The subject of Stallman's speech is the history and future of the free software movement. The location is significant. Less than a month before, Microsoft senior vice president Craig Mundie appeared at the nearby NYU Stern School of Business, delivering a speech blasting the General Public License, or GPL, a legal device originally conceived by Stallman 16 years before. Built to counteract the growing wave of software secrecy overtaking the computer industry-a wave first noticed by Stallman during his 1980 troubles with the Xerox laser printer-the GPL has evolved into a central tool of the free software community. In simplest terms, the GPL locks software programs into a form of communal ownership-what today's legal scholars now call the "digital commons"-through the legal weight of copyright. Once locked, programs remain unremovable. Derivative versions must carry the same copyright protection-even derivative versions that bear only a small snippet of the original source code. For this reason, some within the software industry have taken to calling the GPL a "viral" license, because it spreads itself to every software program it touches.1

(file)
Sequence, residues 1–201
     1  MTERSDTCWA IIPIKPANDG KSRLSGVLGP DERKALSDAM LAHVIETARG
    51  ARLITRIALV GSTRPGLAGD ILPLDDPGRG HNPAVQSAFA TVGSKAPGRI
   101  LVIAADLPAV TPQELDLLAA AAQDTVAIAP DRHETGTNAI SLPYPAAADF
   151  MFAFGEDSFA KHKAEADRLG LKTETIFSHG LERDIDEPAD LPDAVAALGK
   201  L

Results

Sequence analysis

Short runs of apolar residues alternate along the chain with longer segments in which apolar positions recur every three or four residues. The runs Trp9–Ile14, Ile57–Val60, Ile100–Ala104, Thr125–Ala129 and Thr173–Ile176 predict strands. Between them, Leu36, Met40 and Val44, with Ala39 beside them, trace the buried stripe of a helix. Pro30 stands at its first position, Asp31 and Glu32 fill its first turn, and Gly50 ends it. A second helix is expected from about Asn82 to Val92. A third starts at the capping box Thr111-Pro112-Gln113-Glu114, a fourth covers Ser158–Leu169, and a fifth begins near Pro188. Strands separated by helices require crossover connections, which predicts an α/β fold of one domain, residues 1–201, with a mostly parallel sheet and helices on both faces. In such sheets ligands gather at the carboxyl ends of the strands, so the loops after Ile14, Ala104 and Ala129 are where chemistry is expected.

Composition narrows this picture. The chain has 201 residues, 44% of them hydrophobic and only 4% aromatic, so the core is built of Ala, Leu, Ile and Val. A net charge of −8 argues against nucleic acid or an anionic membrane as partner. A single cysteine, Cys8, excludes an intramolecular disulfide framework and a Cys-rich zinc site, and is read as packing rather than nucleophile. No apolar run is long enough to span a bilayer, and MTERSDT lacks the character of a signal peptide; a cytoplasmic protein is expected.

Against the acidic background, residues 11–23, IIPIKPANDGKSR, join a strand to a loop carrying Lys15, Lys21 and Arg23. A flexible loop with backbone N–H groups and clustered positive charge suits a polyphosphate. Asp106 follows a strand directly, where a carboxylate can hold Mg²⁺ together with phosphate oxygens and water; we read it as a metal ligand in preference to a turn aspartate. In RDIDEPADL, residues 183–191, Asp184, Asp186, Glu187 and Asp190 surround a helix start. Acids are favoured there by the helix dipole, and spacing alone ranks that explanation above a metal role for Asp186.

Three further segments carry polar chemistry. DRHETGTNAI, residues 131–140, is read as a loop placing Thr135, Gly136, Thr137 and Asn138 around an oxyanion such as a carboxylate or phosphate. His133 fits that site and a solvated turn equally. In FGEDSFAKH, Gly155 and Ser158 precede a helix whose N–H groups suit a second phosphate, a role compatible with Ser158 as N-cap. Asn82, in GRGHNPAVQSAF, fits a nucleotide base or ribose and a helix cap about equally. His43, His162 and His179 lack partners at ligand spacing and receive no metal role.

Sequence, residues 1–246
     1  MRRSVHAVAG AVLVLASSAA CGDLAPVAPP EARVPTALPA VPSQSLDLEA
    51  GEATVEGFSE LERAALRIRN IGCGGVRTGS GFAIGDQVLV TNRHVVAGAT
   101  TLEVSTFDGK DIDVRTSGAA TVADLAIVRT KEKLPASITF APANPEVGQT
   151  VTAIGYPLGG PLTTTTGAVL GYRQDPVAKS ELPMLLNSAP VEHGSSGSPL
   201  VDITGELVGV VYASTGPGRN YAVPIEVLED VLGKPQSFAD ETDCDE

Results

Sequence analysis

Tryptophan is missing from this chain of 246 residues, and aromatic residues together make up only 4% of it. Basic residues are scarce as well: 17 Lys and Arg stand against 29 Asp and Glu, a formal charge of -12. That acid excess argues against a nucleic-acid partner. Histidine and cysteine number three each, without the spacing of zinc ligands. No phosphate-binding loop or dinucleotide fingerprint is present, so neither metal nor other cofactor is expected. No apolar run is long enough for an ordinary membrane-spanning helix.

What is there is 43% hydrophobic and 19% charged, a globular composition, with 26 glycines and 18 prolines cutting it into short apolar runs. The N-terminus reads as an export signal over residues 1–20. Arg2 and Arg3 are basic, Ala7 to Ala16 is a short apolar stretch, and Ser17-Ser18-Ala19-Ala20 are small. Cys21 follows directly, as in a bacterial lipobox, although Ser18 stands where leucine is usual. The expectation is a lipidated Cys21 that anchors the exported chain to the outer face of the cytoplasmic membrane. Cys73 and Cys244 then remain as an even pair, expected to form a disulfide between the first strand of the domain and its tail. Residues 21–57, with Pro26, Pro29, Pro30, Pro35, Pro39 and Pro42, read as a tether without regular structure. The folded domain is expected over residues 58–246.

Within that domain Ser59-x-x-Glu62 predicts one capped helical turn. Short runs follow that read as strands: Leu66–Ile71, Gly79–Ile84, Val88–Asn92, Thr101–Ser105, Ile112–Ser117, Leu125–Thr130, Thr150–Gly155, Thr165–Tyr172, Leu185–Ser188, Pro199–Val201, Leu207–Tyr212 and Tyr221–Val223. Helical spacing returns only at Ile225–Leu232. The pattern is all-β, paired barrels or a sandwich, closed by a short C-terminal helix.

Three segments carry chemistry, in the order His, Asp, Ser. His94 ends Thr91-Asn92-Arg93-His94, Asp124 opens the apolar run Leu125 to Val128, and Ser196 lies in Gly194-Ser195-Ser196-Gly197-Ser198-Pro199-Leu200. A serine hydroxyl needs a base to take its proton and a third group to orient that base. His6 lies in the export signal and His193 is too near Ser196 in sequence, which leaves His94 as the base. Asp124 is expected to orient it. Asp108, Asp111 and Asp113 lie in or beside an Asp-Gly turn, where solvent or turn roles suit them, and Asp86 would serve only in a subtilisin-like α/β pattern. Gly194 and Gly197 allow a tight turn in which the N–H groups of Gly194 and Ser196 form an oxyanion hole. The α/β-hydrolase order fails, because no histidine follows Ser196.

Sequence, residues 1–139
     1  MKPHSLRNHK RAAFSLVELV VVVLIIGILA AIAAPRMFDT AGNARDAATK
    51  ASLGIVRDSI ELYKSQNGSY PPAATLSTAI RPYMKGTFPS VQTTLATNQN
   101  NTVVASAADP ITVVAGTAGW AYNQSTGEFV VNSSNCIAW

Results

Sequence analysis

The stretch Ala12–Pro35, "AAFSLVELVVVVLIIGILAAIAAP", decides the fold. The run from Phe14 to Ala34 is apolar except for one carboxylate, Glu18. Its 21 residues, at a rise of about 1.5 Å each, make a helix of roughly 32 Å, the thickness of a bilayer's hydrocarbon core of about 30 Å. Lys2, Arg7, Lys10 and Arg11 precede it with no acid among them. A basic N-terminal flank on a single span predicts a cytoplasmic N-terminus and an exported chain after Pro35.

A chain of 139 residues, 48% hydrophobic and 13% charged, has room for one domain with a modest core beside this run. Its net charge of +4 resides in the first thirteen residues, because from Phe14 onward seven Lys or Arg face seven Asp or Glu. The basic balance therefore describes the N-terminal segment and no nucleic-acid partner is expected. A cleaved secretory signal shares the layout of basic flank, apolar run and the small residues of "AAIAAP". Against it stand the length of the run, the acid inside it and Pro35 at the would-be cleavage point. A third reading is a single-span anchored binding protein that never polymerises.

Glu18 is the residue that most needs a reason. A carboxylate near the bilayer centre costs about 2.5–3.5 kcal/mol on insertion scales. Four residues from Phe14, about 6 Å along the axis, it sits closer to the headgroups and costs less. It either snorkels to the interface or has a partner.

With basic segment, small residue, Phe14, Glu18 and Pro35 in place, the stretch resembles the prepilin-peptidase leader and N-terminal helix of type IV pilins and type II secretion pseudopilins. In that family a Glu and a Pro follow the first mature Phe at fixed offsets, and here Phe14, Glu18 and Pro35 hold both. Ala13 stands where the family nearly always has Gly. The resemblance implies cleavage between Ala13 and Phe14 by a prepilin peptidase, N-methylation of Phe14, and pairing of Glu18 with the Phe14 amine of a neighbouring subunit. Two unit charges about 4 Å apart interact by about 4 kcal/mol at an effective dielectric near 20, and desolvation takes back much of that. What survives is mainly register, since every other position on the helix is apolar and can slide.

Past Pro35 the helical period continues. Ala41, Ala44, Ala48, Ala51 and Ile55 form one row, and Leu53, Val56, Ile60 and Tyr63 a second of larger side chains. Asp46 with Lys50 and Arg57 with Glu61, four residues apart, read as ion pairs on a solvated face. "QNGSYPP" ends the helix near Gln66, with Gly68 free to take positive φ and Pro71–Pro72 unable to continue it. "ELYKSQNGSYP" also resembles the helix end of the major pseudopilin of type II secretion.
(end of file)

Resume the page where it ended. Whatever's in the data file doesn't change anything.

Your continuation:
In an information economy increasingly dependent on software and increasingly beholden to software standards, the GPL has become the proverbial "big stick." Even companies that once laughed it off as software socialism have come around to recognize the benefits. Linux, the Unix-like kernel developed by Finnish college student Linus Torvalds in 1991, is licensed under the GPL, as are many of the world's most popular programming tools: GNU Emacs, the GNU Debugger, the GNU C Compiler, etc. Together, these tools form the components of a free software operating system developed, nurtured, and owned by the worldwide hacker community. Instead of viewing this community as a threat, high-tech companies like IBM, Hewlett Packard, and Sun Microsystems have come to rely upon it, selling software applications and services built to ride atop the ever-growing free software infrastructure.